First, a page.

Are they pulling him early to be pulling him, or is he making a lot of pitches and not going deep into the games as a matter of course? I don't pay much attention to the Nats (I might see them occasionally if they show up on a game I was going to watch anyway), but I do know that Strasburg typically strikes out a lot of guys. If that's the case then they might need to be more concerned about the actual number of pitches he throws and not so much the innings.


I don't think they've been pulling him early to limit him. He's had a couple of short outings, but mostly has gone six or seven. It's the NL and he plays for a team that doesn't score a ton of runs, so you figure he's mostly going to get pinch hit for if his spot comes up after the sixth inning or so (something like 13 of his 18 non-DH starts, I think). And of course innings are just a proxy for pitches, but he's only thrown 105 or more five times.

Also six more starts would give him 26 for the season, same as Zimmermann in 2011.
   45. BourbonSamurai Is a Lazy Nogoodnik Posted: July 27, 2012 at 03:53 PM (#4193967)

Is there any history of young rookies bouncing back? Isn't it generally that rookies wear down as the season goes along?


That sounds like work to figure that out. I'm more into gut feelings and such.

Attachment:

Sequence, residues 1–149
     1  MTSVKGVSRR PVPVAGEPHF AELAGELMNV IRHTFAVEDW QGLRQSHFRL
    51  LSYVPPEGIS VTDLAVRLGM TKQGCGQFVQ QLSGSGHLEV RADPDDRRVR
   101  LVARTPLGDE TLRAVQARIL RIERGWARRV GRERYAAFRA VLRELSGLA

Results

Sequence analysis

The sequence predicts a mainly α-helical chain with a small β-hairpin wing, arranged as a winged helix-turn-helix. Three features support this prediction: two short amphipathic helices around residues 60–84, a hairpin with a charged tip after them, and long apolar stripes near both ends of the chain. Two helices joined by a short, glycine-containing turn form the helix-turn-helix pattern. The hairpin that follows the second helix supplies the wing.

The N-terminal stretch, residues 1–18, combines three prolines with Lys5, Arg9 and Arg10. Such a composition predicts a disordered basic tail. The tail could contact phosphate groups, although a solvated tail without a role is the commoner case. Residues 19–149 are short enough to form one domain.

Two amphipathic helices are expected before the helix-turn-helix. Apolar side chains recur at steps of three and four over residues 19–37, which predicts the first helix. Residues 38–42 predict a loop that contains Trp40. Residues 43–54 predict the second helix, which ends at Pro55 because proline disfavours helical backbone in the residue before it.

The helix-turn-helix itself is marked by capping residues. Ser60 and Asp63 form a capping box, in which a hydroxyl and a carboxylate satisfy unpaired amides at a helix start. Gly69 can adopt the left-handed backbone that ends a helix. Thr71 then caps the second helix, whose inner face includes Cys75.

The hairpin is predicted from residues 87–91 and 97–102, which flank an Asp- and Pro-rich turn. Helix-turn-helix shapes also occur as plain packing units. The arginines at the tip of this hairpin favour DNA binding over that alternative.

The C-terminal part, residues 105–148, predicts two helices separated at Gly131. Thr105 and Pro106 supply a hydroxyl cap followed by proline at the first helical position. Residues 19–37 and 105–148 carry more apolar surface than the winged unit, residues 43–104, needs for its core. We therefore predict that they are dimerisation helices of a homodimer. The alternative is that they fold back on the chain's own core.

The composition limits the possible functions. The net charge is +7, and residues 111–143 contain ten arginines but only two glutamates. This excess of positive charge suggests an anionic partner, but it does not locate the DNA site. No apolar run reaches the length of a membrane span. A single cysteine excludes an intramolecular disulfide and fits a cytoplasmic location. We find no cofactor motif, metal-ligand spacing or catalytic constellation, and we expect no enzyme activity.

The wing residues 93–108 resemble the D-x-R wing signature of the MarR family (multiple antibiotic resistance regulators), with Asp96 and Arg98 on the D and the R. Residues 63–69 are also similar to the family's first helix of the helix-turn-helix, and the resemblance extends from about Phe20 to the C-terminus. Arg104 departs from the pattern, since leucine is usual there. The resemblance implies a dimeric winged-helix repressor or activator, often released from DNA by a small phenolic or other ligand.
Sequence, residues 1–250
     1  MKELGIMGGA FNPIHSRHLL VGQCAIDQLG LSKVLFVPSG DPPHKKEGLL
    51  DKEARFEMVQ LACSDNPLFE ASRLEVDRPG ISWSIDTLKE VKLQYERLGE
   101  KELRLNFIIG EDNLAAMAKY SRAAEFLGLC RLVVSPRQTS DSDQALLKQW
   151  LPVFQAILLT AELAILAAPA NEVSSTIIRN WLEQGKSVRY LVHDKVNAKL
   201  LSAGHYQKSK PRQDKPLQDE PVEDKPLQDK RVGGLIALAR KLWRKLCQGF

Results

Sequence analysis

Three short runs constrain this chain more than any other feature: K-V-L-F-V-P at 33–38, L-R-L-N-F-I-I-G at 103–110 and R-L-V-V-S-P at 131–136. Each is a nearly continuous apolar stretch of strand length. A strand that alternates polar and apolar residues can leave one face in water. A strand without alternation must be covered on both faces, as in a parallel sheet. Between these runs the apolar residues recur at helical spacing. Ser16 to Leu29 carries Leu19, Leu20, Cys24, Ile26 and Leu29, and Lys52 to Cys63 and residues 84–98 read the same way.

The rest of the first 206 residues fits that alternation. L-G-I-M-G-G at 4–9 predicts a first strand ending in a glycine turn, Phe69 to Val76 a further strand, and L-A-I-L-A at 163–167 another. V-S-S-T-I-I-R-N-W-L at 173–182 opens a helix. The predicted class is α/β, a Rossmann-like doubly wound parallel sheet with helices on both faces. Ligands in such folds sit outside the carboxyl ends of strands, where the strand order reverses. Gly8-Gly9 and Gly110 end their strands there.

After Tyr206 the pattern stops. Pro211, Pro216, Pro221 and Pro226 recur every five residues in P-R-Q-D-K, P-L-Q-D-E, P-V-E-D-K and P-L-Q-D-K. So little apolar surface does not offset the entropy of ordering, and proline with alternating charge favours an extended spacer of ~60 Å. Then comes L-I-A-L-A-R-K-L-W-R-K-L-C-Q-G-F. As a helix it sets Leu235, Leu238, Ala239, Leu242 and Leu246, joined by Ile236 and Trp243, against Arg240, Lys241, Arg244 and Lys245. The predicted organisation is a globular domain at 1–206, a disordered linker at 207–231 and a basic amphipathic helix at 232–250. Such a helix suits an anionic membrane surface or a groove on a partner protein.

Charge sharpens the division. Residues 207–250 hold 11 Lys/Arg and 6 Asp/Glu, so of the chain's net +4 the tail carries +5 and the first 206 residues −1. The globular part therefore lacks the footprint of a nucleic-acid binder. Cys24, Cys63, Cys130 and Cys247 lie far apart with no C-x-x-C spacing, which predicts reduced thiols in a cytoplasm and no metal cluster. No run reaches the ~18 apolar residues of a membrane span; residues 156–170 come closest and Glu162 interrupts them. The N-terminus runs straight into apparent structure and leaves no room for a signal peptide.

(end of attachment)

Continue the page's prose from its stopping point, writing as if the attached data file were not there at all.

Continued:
46. vortex of dissipation Posted: July 27, 2012 at 04:03 PM (#4193980)
I fully expect a meteor to strike the team bus tomorrow. Things are simply going too well.


Let's see. The Nationals are in Milwaukee. The EAA AirVenture Oshkosh, the biggest fly-in in the world, is this weekend. The chances that someone will show up with one of these? Not impossible, although all five of the airworthy Meteors are based in either the UK or Australia.
   47. TomH Posted: July 27, 2012 at 04:16 PM (#4193993)
backup catcher? George Kottaras was D'dFA (DFA'd?) by MIL. Career OPS of 728. OPS this season was higher, altho he was in a long slump. NL OPS overall is 718, and I suspect catchers hit wose than that.

   48. zack Posted: July 27, 2012 at 04:26 PM (#4194004)
I mean I wish that you could go to the game logs and look up a player's or team's OPS+ for say June 15th or so.


It's not on bb-ref, but that's what the day by day database is.
   49. zack Posted: July 27, 2012 at 04:46 PM (#4194026)
I don't think it's unreasonable to state that the Nats have at-best a questionably average offense, even with their ideal line-up. I mean, just look at their ZiPS.